By Irwin Chusid

Station Elder Scapegoat Ken Freedman invited me to author this issue's column for several reasons:

1) Feb. 20, 2000 marked my 25th anniversary at WFMU, which makes me the alter kocker (Ken graduated high school two years after I joined the staff). As such, if anyone knows where the skeletons are buried - hell, I buried them.

2) Ken owes me a lot of money. He thinks extending the privilege of authorship will relieve a portion of his debt. If this tactic prevails (I'm thinking about it), expect to read future State of the Station addresses from mortgage lenders, tech support geeks, and rodent exterminators.

3) Like Ken, I'm a middle-aged, white, NJ-bred, Jewish male of Eastern European extraction; on paper, I can pass as his doppelganger.

4) Ken was busy this month organizing a Million-Listener March or something.

This was Ken's pitch: "I was hoping you could write one page or more on your perspective as the senior staffer and the driving force behind our rebirth as a free-form station in the late 70's."

OK. So lets, uh..... perspectivize.

Some of those skeletons are buried on a closet shelf in the form of documents from my early days at WFMU, shortly after the Pleistocene era. I saved shit.

A 1974 "Holiday Joy" Christmas card featuring a photo of the WFMU roster, taken just before my arrival, depicts 11 staffers. Earliest salvaged phone list hand-dated "Winter '75-'76" lists 20 names. The February 2000 staff phone list has 107 names.

One '75-'76 staffer's work phone was "212-"; for the rest, no area codes necessary - the entire staff lived and worked in "201."

The year 2000 staff list encompasses ten area codes.

Earliest extant air schedule:
March 1975. I'm not on it. In the lower right-hand corner, in ballpoint scrawl, it says: "Irwin was suspended 3/75." I was distrusted by the staff because I sought to program free-form, rather than follow the general practice (if not policy) of prog-rock. I represented a challenge to the ancien regime. To play Harry Partch, Linda Perhacs, and Silver Apples, along with Julie London, Robert Wyatt, and scuffed Martin Denny LPs, segued around potty-training records, Ken Nordine's Word Jazz, the Firesign Theatre, and readings from the New Yorker was considered radical. That is, it was a throwback to late-'60s free-form, an adventurous approach to programming that had gone out of fashion, replaced in the commercial spectrum by consultant-driven niche broadcasting. In the mid-70s, college radio, at WFMU and elsewhere, was considered hip because DJs played Kansas and Ambrosia - before they went platinum.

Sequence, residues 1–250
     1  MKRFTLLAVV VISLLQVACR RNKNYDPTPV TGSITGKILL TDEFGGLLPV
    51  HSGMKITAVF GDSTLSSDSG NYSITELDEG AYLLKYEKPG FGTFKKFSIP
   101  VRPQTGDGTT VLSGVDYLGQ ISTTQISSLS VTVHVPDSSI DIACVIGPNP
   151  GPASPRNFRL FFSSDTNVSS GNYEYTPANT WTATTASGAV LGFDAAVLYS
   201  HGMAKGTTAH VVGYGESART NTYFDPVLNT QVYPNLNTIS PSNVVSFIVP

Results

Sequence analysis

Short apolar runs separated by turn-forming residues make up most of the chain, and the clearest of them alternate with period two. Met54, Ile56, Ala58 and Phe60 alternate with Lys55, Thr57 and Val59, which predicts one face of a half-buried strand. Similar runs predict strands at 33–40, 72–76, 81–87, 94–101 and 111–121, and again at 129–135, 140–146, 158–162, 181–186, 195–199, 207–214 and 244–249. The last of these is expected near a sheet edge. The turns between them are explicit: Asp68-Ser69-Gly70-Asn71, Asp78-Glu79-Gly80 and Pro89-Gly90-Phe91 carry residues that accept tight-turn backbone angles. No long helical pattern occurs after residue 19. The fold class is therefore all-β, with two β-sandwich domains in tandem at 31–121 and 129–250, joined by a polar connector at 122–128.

The 1975 schedule reveals that WFMU signed on at 2:00 pm and signed off at 2:00 am. Yes, we were off the air 12 hours a day (ten on weekends).
Bud Styple, a jovial, legendary inebriate, hosted four shows a week, clocking 15 hours of airtime. (Styple holds iconic stature for Glen Jones.)

From 5-6 pm Monday through Thursday, WFMU aired taped programming from Jersey City State College, under a time-sharing agreement; from 6-8 pm Friday through Sunday, we carried tapes from William Paterson College. Don't ask what this filler contained; I have no recollection, but to say the subject was academic is probably closer to truth than metaphor. After all, professors from Upsala, WFMU's licenseholder, were occasionally accorded airtime to discuss "educational" matters. The college once or twice pulled rank and demanded the airing of tournament basketball - but not without yelps of defiance from station management. For the most part, however, the college was indifferent to the station's existence - a relationship that grew ever more distant throughout the station's history. There were rarely more than one or two students on the air during any given schedule, and the hourly mention of "Upsala College" in the station ID was mere formality.

The entire week's programming in 1975 was handled by 15 staffers. Some names: Joe Holliday, Zoltan Morvay, Doug Chuka, Pat Warne, the legendary Lou "Hour of the Duck" D'Antonio (who brilliantly embodied free-form radio, seemingly without influence on his colleagues).

Three shows a week were hosted by a dork - picture a 6'4" flounder with a Jew-fro - whose name I've been asked to withhold, who bullied his way into the Program Directorship, and who instigated my trumped-up suspension after just two shows. This arrested adolescent trawled for bottom-feeder groupies, Todd Rundgren interview discs (collectible trade bait!), and Nektar posters, while relishing the "cachet" that entitled him to limitless bong-hits from suck-up record industry weenies. I despised the schmuck for lacking a radio soul. After leaving WFMU, this bozoid snared a cubicle at a major label, where he presumably spent lazy afternoons bagging blowjobs from publicity interns in exchange for backstage passes to Cheap Trick concerts. I pray he's miserable, and bet he's a big fan of Barenaked Ladies.